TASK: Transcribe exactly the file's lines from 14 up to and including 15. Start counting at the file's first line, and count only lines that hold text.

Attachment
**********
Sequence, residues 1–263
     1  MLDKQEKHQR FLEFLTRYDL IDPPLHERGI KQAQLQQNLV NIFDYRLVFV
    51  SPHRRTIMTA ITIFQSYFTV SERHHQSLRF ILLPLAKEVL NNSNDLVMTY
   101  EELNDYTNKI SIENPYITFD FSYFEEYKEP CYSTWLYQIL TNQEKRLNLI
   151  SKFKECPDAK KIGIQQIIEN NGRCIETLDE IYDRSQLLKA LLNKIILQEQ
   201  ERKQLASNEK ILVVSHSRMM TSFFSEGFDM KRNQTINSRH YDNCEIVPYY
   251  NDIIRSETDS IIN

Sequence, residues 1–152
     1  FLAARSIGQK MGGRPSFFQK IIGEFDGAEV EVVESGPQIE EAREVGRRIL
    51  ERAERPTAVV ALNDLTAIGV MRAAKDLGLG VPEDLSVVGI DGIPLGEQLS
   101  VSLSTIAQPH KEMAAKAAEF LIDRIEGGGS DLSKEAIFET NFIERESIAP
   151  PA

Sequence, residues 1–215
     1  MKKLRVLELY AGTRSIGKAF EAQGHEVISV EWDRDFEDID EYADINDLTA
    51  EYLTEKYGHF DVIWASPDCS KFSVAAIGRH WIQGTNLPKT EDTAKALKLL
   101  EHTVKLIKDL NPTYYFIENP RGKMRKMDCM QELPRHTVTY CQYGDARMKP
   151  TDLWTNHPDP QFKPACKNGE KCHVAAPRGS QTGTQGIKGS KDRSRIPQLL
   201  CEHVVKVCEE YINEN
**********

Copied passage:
     1  MKKLRVLELY AGTRSIGKAF EAQGHEVISV EWDRDFEDID EYADINDLTA
    51  EYLTEKYGHF DVIWASPDCS KFSVAAIGRH WIQGTNLPKT EDTAKALKLL